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Email disclaimer laws for the United States – Part One

Many advanced markets have regulations in place that require businesses to add disclaimers to their emails whether they want to or not. Some of these are sector-specific, like some of the following examples that apply to the United States.

Federal Information Security Management Act (FISMA)

The Federal Information Security Management Act (FISMA) places the onus squarely on agencies to ensure the security of data within the different branches of the US government (federal, state and local).

The Act defines a comprehensive framework to protect government information, operations and assets against natural or man-made threats. Every government agency is required to conduct annual reviews of information security programs, with the intent of keeping risks at or below specified acceptable levels in a cost-effective, timely and efficient manner. As part of FISMA compliance, agencies and departments must implement ways to track the contents of all outgoing emails.

The need for an Archiver
Email is a prime medium for exchange and storage of company records. Storage in the mail-server does not protect against falsification, nor does it protect against accidental loss or malicious removal. A purpose built email archive system will ensure that relevant data can be maintained for the desired retention period and maintain integrity of the records through tamper-proof mechanisms. Furthermore, the system will provide easy search access to recover data if required by an external auditor.

Federal Rules of Civil Procedure (FRCP)

The Federal Rules of Civil Procedure (FRCP) are regulations that specify procedures for civil legal suits within the United States Federal Court system. A revision to the Rules, which went into effect on December 1, 2006, was established for companies to make provisions for the handling of electronic records and to accommodate electronic discovery, otherwise known as eDiscovery (using electronic data for civil legal actions). An organization must know where their data is, how to retrieve it, how to meet data requests and they must determine what data will not be subject to search.

The need for an Archiver
Organizations that do not have an automated system in place to help them effectively store, search and retrieve email data in real-time face paying high costs for “rush job” eDiscovery requests. In some instances, failure to produce the requested data in a timely fashion may even lead to the loss of a lawsuit.

Freedom of Information Act (FOIA)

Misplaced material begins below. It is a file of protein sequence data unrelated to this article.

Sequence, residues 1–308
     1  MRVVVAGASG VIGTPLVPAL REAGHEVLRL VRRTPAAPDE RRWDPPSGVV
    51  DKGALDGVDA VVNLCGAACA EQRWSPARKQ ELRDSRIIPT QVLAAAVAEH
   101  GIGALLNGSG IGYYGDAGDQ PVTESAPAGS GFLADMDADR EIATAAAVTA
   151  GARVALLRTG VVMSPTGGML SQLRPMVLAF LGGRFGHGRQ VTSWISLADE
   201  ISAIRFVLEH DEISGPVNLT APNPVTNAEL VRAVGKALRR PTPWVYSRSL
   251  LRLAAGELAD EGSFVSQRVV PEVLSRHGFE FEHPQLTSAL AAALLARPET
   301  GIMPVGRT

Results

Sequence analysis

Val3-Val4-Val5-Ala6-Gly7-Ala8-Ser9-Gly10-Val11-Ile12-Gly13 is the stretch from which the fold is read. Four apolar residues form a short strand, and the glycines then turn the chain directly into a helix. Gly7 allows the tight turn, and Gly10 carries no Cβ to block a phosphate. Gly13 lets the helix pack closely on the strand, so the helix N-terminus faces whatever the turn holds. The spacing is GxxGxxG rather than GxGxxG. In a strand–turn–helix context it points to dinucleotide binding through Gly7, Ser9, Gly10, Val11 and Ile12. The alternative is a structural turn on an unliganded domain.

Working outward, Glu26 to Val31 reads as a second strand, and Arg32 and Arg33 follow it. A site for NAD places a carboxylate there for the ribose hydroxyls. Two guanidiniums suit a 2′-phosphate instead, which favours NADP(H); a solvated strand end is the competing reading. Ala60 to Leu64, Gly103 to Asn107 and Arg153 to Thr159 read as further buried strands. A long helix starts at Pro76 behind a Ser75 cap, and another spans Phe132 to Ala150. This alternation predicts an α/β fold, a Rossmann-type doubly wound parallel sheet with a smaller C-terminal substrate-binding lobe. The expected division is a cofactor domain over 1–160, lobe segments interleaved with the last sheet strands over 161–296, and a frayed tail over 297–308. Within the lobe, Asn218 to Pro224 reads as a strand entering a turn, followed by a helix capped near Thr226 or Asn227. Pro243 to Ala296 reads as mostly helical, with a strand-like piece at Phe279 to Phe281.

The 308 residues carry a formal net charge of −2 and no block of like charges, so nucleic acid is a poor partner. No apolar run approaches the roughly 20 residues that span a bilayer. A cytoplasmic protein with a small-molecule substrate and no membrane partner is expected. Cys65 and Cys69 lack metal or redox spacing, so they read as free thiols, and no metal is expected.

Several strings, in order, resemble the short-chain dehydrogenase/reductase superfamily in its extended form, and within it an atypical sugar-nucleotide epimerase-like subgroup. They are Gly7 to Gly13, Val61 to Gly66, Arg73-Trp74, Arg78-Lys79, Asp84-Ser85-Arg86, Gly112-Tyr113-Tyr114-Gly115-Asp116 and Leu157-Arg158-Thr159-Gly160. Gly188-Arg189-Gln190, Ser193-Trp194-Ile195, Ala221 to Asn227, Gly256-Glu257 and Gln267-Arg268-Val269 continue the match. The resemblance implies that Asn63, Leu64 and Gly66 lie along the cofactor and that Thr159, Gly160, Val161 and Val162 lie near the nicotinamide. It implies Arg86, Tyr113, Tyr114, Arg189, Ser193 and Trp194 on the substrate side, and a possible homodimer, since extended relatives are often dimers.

The Freedom of Information Act is a federal freedom of information law that allows for the full or partial disclosure of previously unreleased information and documents controlled by the United States government.

The speed and economy of email often makes it the preferred means of delivery, carrying risks that the wrong information might be sent or the wrong recipient addressed. As email has become so prevalent for interdepartmental communications, security of communications has become a serious concern.

The need for an Archiver
In order to comply with the FOIA, a law guaranteeing individuals access to public records kept by government agencies, means that an efficient archiving system is a must. Email is a public record, just like any other document, so it is vital that a system is in place to control large amounts of email data.

Gramm-Leach-Bliley Act (GLB)

The GLB Act applies to “financial institutions” – businesses that offer financial products or services to individuals to be used primarily for personal, family, or household purposes. Financial institutions like banks, securities firms and insurance companies are covered by the SEC (Securities and Exchange Commission). Businesses that provide many other types of financial products and services to consumers fall under jurisdiction of the FTC (Federal Trade Commission) for the purposes of enforcing GLB.

Violation of the Act may result in a civil action brought by the U.S. Attorney General. The penalties include up to $100,000 for each violation. In addition, “the officers and directors of the financial institution shall be subject to, and shall be personally liable for, a civil penalty of not more than $10,000 for each such violation”. Criminal penalties may include up to 5 years in prison. The Act has been cited by many as the cause of the 2007 subprime mortgage financial crisis, which triggered the recession of 2008.

The need for an Archiver
Today, the vast majority of organizations use email to communicate internally and as a vehicle for the exchange of documents and correspondence between businesses and consumers. Since personal financial information can be transmitted by and retained in electronic formats, it is critical to ensure that the management of such records complies with GLB.

Check back tomorrow to see what other disclaimer laws are in place in the United States.